Tuesday, April 21, 2009

Into the Sun

National Gallery of Art Water Sculpture
All photography is about light.  Understanding light is fundamental to good photography.  Most photography is comprised of light falling on your subject which is then reflected back to the camera.  But what happens when the light source is on the other side of your subject?  The answer is simple…a very difficult shot to do well.  However, I hope to show you it can be done well, and that developing this skill is worthy of you time.
Back lit shots can be characterized by what the light does with the subject.  There are two options – the subject is transparent and the light flows through the subject, or the subject is not transparent, and a silhouette is presented to the observer.
The following shot of the Washington monument with one of the adjacent flags in Washington DC, provide an example of the transparency version of backlit photography.
2 Washington Monument and Flag
The next shot of a windmill relic in the Arizona desert near Tucson is an example of the silhouette form of backlit photography.
3 Windmill Silohuette on Organ Pipe Cactus National Monument
Sometimes you can combine the two and get both elements of transparency and silhouette in one shot as is the case in the next shot…a cigar and a scotch can truly inspire your photography!
4 Cigar and a single malt
The next two shots break the rules a bit.  They are both backlit shots that should have resulted in a silhouette.  However, with a little help from Lightroom and Photoshop, we get more of a hybrid version.  The silhouette still exists, but both of theses shots bring out some of the details that would normally have been lost.
The first shot is the Air Force Memorial standing just behind the Pentagon.
5 AF Memorial sillouette
The next shot is of a Mosque in downtown Abu Dhabi.
6 Mosque in Abu Dhabi
As you can see from these shots, and know from my previous posts, I have a natural bias toward black and white photography.  For backlit photography, I believe that black and white is particularly appropriate.  However, there certainly are exceptions.  For example, the shot of the flag next to the Washington monument at the beginning of this post would not be the same without the vibrant colors highlighted by the sun’s backlight.
The next two shots are also shots I chose to keep in color.  However, both are somewhat de-saturated or have a severely limited color palette.  This limited palette gives them a feel of a warmer version of a black and white.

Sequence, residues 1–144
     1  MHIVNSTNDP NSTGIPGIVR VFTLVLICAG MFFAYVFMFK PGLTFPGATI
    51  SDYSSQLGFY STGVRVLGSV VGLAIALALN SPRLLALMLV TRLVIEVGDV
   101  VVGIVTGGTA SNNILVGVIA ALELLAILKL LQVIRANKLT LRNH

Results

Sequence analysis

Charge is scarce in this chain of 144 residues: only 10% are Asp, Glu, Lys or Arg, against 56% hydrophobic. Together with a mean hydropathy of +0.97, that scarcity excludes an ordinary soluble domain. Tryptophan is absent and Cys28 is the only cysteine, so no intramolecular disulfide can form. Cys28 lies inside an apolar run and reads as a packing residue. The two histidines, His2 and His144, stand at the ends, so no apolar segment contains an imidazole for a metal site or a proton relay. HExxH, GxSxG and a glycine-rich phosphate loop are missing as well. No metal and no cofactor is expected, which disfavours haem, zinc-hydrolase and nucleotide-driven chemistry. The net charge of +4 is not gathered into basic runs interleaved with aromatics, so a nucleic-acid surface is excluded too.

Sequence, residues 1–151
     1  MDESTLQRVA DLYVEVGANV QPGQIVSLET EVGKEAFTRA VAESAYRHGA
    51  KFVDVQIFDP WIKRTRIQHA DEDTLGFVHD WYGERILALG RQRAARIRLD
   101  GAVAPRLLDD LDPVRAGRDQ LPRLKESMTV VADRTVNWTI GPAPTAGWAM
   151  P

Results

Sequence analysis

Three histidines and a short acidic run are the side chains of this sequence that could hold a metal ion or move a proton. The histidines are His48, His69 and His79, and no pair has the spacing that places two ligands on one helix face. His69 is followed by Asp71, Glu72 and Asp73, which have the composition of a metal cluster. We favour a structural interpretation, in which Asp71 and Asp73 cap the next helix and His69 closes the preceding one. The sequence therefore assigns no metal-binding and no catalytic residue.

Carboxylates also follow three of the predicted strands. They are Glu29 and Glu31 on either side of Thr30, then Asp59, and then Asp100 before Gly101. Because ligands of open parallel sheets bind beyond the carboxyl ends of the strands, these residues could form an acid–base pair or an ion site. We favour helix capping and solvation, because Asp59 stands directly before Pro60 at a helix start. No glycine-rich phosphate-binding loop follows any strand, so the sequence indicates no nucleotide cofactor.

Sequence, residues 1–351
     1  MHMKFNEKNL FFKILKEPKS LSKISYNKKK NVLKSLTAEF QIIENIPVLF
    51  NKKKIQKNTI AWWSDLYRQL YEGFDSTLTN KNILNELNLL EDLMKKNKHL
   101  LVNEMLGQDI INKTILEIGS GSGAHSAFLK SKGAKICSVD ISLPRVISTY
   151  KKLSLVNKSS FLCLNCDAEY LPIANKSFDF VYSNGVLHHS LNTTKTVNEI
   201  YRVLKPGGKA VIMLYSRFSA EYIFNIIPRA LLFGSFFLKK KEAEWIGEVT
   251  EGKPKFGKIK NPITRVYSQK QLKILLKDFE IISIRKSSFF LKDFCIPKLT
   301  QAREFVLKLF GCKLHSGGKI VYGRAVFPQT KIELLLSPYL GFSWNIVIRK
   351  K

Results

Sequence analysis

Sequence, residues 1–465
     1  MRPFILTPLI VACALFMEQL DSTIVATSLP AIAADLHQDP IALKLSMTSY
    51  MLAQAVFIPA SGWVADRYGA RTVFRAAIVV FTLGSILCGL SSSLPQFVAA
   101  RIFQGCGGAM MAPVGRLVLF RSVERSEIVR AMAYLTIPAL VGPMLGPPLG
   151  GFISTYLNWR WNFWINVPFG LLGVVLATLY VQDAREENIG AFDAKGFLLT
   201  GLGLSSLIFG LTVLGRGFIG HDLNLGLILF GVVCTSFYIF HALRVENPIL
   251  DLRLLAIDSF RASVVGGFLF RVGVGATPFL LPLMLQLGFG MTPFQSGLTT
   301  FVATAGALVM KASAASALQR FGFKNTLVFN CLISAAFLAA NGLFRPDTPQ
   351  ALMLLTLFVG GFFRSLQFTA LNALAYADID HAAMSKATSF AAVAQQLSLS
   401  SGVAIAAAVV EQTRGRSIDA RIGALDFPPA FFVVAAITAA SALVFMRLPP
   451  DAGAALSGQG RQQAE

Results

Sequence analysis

The first shot is of the U.S. Coast Guard Barque Eagle at dock in New London, Connecticut.
7 Eagle Silhoutte
The next shot is of a couple of fisherman casting from a jetty near Bridgetown Barbados.
8 Barbados Fisherman sillouette
For the last shot, we return to the Air Force memorial.  This shot still falls within the bounds of discussion regarding backlit shots, but it is a unique application.  It is kind of a throw-back shot that ,thanks to the world of bits and bytes, allowed me to do something with a digital camera that can normally only be done with a film camera.  So the keys to this shot were 1) backlighting, 2) taking two exposures, 3) converting both shots to black and white in Photoshop, 4) blending the two shots (by way of layers) into a double exposure.
9 AF Memorial double exposure
In the days of film, it was possible to take an exposure, then take a second exposure without advancing the film; thus a double exposure.  Digital cameras do not offer this possibility, but with a little bit of creativity, you can achieve the same effect.
I also wanted to include this shot as a contrast to the first shot on this post.  The water sculpture shot at the National Gallery of Art in Washington, DC, is very sharp and includes a lot of detail.  The Air Force Memorial shot is not sharply focused, lacks a great deal of detail, and could even cause many people to wonder “what is it?”
I hoped you enjoyed these photos.  All of the photos on this blog are available for purchase.  For pricing, send an e-mail to craigcorl@yahoo.com

1 comment:

  1. I love these, Craig. You even managed to make that post-modern atrocity of an AF Memorial look good!